L.A. Fernandez^{a,1}, M.P. Lombardo^{b}, R. Petronzio^{c}, A. Tarancon^{d,1}

a Departamento de F´ısica Te´orica, Universidad Complutense de Madrid, E-28040 Madrid, Spain

b INFN, Sezione di Pisa, I-56100 Pisa, Italy

c Dipartimento di Fisica, Universit`a di Roma II “Tor Vergata” and INFN, Sezione di Roma Tor Vergata, Via O. Raimondo, I-00173 Rome, Italy

d Departamento de F´ısica Te´orica, Universidad de Zaragoza, E-50009 Zaragoza, Spain

Abstract

We apply a finite size renormalization group method to the study of the deconfin-
ing transition in pure gauge SU(3). By constructing renormalized systems with 2^{3}
and 2 variables suitably defined we obtain a very accurate determination of the
transition point and of the thermal exponentν.

The pure gauge SU(3) system at finite temperature undergoes a phase transi- tion from the confined to the deconfined phase associated to the spontaneous breaking of the local Z(3) symmetry.

...

1 Partially supported by CAICYT, Spain.

Example 2. Article opening with explicit links (output).

\begin{thebibliography}{9}

\bibitem{Robi66}

A. Robinson,

{\em Non-standard Analysis\/}

(North-Holland, Amsterdam, 1966).

\bibitem{Sand89a}

E. Sandewall,

Combining logic and differential equations for describing real-world systems,

in: R.J. Brachmann, H. Levesque and R. Reiter, eds., {\em Proceedings First International Conference on Principles of Knowledge Representation and Reasoning\/}

(Morgan Kaufmann, Los Altos, CA, 1989) 412--320.

\bibitem{Sand89b}

E. Sandewall,

Filter preferential treatment for the logic of action in almost continuous worlds,

in: R.J. Brachmann, H. Levesque and R. Reiter, eds., {\em Proceedings IJCAI-89\/}

(Detroit, MI, 1989) 894--899.

\bibitem{Shoh88a}

Y.Shoham,

Chronological ignorance:

experiments in nonmonotonic temporal reasoning, {\em Artif. Intell.\/} {\bf 36} (1988) 279--331.

\bibitem{Shoh88b}

Y.Shoham and D. McDermott,

Problems in formal temporal reasoning,

{\em Artif. Intell.\/} {\bf 36} (1988) 49--61.

\bibitem{Bent83}

J. van Benthem,

{\em The logic of time\/}

(Reidel, Dordrecht, 1983).

\end{thebibliography}

Example 3. Literature references (input).

References

[1] A. Robinson,Non-standard Analysis(North-Holland, Amsterdam, 1966).

[2] E. Sandewall, Combining logic and differential equations for describ- ing real-world systems, in: R.J. Brachmann, H. Levesque and R. Reiter, eds.,Proceedings First International Conference on Principles of Knowl- edge Representation and Reasoning (Morgan Kaufmann, Los Altos, CA, 1989) 412–320.

[3] E. Sandewall, Filter preferential treatment for the logic of action in al- most continuous worlds, in: R.J. Brachmann, H. Levesque and R. Reiter, eds., Proceedings IJCAI-89 (Detroit, MI, 1989) 894–899.

[4] Y.Shoham, Chronological ignorance: experiments in nonmonotonic tem- poral reasoning, Artif. Intell. 36(1988) 279–331.

[5] Y.Shoham and D. McDermott, Problems in formal temporal reasoning, Artif. Intell. 36 (1988) 49–61.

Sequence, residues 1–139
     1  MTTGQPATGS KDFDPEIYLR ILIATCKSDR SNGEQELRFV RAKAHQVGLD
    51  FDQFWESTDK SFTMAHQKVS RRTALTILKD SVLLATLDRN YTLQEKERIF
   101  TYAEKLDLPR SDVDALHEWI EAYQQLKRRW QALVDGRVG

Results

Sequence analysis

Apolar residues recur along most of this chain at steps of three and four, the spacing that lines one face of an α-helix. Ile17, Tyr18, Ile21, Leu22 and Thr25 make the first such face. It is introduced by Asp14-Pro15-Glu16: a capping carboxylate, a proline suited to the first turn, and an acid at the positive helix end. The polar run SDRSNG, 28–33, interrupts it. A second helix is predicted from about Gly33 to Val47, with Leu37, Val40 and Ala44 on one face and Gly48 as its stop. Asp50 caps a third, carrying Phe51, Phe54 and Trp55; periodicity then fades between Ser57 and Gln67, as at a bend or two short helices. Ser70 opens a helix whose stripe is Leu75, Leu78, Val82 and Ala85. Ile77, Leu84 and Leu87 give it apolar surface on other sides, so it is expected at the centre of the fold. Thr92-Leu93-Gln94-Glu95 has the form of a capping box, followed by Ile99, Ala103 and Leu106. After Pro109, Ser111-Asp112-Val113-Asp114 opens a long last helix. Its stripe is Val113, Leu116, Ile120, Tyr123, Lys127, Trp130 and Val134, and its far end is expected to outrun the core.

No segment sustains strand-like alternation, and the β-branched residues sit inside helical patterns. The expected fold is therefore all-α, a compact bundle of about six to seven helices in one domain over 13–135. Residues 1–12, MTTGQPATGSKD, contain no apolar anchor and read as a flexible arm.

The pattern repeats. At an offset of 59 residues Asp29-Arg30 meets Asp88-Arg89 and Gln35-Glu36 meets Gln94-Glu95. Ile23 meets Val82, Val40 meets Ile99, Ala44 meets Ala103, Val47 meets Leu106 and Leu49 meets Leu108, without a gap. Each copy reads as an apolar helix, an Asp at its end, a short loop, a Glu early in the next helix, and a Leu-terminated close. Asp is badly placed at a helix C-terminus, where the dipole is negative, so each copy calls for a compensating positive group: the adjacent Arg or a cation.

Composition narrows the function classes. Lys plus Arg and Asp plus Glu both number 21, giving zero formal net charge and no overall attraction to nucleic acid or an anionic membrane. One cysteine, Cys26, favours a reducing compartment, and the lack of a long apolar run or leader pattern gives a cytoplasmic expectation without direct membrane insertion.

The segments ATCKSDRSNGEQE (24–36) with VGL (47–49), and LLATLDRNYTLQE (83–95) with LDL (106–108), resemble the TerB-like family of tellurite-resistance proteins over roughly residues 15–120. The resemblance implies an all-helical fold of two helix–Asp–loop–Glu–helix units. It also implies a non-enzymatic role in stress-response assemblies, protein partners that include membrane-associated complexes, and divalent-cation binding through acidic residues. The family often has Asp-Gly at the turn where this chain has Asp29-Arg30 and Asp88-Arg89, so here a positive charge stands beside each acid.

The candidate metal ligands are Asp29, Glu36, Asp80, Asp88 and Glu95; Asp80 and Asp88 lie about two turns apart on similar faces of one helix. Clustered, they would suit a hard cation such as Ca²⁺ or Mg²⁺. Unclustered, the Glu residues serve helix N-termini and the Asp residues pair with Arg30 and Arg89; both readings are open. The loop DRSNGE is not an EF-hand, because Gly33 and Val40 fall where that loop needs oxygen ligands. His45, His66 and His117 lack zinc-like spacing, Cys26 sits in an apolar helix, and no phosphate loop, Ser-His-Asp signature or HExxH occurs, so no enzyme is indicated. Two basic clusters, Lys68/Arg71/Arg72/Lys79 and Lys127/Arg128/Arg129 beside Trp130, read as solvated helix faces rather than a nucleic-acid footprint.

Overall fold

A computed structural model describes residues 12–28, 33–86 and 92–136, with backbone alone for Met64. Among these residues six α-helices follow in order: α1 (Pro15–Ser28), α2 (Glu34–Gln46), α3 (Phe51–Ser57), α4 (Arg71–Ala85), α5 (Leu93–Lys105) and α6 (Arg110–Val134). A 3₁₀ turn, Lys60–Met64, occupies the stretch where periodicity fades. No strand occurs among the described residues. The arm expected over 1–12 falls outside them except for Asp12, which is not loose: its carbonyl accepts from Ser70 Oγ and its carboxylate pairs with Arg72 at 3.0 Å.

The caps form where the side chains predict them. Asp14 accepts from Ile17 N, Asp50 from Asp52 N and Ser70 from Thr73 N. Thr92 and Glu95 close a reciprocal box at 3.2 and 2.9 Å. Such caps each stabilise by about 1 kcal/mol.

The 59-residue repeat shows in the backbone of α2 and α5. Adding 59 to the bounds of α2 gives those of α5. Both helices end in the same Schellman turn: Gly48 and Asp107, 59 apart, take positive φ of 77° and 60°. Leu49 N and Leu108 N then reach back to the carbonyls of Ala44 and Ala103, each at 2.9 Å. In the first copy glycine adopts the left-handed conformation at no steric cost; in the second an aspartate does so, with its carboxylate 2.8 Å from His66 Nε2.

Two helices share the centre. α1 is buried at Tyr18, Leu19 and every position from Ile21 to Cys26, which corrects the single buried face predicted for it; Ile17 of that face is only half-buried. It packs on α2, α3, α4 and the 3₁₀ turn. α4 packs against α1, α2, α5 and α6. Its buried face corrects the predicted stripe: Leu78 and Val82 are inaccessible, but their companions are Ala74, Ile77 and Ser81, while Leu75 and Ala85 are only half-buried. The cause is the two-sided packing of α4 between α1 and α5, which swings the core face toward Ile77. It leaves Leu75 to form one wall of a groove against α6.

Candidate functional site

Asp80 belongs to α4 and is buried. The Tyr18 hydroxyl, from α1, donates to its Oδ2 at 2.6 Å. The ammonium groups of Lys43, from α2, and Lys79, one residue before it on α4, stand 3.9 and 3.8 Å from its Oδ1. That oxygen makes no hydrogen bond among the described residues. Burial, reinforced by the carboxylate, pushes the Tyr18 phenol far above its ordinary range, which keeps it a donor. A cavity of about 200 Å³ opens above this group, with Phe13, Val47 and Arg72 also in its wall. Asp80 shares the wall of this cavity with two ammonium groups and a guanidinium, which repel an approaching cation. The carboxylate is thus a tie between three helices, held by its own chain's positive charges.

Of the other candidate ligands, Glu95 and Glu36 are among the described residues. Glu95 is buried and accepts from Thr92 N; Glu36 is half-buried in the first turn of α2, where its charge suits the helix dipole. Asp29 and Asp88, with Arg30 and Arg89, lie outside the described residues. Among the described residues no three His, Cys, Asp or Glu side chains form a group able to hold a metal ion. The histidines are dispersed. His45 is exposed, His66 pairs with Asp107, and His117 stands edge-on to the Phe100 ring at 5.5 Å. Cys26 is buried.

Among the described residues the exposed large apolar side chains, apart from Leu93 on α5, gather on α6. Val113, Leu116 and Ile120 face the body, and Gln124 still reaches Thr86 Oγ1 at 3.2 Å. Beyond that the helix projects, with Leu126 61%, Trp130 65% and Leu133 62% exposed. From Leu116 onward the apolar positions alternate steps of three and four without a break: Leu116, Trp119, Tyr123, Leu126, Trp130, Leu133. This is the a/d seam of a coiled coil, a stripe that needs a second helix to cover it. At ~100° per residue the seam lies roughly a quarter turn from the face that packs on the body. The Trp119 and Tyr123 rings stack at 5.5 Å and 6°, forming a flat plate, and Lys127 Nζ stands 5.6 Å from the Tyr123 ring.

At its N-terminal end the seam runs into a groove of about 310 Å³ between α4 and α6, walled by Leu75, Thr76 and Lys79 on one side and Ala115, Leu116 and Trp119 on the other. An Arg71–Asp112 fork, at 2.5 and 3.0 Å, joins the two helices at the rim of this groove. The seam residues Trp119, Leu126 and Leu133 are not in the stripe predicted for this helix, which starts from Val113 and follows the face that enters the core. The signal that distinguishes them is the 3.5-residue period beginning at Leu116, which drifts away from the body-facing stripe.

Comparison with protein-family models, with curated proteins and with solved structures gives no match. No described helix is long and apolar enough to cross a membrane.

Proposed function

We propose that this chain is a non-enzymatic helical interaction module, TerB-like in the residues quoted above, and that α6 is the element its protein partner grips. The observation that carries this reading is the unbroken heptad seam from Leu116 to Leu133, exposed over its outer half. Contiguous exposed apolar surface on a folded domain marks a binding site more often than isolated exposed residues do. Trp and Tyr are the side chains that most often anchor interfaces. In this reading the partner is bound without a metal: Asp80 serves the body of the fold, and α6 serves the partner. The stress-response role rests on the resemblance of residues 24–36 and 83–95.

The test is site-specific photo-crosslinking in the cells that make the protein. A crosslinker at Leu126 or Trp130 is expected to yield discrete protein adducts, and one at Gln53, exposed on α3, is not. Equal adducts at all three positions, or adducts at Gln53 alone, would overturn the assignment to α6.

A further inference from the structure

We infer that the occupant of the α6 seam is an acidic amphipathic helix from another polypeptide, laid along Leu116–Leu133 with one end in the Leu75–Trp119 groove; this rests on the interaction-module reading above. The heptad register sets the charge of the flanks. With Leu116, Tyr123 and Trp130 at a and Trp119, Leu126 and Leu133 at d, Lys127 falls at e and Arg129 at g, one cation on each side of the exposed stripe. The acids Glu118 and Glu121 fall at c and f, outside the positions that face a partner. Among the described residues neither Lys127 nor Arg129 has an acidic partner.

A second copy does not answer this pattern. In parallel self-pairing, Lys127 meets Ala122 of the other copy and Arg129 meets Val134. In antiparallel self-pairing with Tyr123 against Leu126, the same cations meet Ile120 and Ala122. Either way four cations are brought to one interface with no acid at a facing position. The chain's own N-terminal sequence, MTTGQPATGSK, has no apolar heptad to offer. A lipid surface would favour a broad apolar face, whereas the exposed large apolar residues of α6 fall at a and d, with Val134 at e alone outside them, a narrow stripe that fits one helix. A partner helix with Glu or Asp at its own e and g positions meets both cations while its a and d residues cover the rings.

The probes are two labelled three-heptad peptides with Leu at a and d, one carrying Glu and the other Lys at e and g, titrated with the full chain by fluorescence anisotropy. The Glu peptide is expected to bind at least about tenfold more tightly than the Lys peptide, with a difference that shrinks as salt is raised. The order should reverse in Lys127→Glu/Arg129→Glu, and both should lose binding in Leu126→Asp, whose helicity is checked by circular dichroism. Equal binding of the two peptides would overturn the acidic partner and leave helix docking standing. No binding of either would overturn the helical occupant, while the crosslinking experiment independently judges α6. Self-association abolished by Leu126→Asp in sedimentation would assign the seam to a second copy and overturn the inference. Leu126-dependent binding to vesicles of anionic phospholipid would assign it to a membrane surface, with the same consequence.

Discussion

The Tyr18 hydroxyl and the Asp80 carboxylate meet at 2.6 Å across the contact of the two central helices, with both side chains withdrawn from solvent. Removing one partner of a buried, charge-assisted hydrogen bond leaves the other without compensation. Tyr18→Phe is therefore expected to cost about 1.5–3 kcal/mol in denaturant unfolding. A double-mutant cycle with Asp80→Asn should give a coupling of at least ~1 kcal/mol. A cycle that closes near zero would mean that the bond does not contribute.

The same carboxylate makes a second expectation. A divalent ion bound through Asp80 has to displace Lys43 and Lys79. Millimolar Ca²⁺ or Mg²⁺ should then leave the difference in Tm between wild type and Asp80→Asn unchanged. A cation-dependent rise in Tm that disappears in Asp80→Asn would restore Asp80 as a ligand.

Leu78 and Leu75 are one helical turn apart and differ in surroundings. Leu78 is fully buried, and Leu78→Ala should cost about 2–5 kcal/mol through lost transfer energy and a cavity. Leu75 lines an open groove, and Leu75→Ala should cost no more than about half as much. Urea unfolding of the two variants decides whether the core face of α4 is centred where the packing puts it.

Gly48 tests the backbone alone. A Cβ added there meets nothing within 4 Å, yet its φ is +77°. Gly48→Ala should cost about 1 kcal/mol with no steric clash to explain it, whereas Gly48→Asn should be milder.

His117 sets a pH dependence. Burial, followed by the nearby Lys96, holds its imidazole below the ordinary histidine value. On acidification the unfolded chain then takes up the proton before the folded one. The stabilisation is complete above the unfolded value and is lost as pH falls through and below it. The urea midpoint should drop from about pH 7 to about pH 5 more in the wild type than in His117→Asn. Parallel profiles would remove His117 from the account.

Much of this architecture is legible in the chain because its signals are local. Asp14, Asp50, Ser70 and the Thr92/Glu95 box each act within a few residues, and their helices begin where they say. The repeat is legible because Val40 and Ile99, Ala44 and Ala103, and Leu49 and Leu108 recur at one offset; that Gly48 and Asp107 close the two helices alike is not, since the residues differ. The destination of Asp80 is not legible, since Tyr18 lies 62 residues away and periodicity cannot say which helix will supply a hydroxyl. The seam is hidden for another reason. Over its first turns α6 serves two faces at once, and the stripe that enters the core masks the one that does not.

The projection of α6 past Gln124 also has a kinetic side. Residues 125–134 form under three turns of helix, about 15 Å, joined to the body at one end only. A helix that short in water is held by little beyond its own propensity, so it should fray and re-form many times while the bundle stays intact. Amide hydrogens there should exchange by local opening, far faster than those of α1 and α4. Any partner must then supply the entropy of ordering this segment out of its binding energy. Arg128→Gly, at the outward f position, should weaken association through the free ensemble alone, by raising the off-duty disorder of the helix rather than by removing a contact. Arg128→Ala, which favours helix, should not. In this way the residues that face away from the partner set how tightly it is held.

[6] J. van Benthem,The logic of time (Reidel, Dordrecht, 1983).

Example 3. Literature references (output).

abbreviations macros for, 7 abstract, 6, 7 abstract, 6

acknowledgements, 8 address, 6

\address, 6

optional argument of, 6 algorithm, 13

\and, 7

angle brackets, 10 author, 6

\author, 6

optional argument of, 6 bibliography

made with BibTEX, 12 made with bibliography en-

vironment, 12 BibTEX, 12

caption, 13

argument too long, 13 vertical rules, 13

\caption, 13

in combination with\label, 9 citation, 12

formatting the, 12 multiple, 13

with added note, 13

\cite, 12 collab, 6

\collab, 6

optional argument of, 6 computer program, 13 cross-reference, 8 dash, 7

diagram, 13

differences with standard styles, 6 emphasized text, 7

enumerate, 8

eqnarrayenvironment, 9 equation, 9

displayed, 9 in-line, 9 multi-line, 9

equationenvironment, 9 extra instructions, 15 figureenvironment, 13

\labelin, see \caption formula, 9

displayed, 9 in-line, 9 multi-line, 9 front matter, 6, 7 hyphen, 7

\include, 14

\input, 14

italic correction, 7 italics, 7

itemize, 8

keyword abstract, 6, 7

\label, 8

for equation number, 9 for sectional unit, 9

for table or figure caption, 9 layout

explicit commands for, 15 lists, 8

literature references, 12

\maketitle, 6 notations

macros for, 7 number ranges, 7 parameterless macro, 7 27

picture, 13 preamble, 7

proofenvironment, 12

\ref, 9

roman typeface, 10 root file, 14

\section

in combination with\label, 9 sectional units, 8

space

explicit, 8

submitting a compuscript on a diskette, 18 via electronic mail, 17 subscripts

abbreviations in, 10 words in, 10

superscripts

abbreviations in, 10 words in, 10

tableenvironment, 13

\labelin, see \caption

\thanks, 6

optional argument of, 6

\thanksref, 7

theorem environments, 11 title, 6

\title, 6 units, 10 user-defined

log-like functions, 11 operators, 11

relation symbols, 11

\vec, 15 vector, 15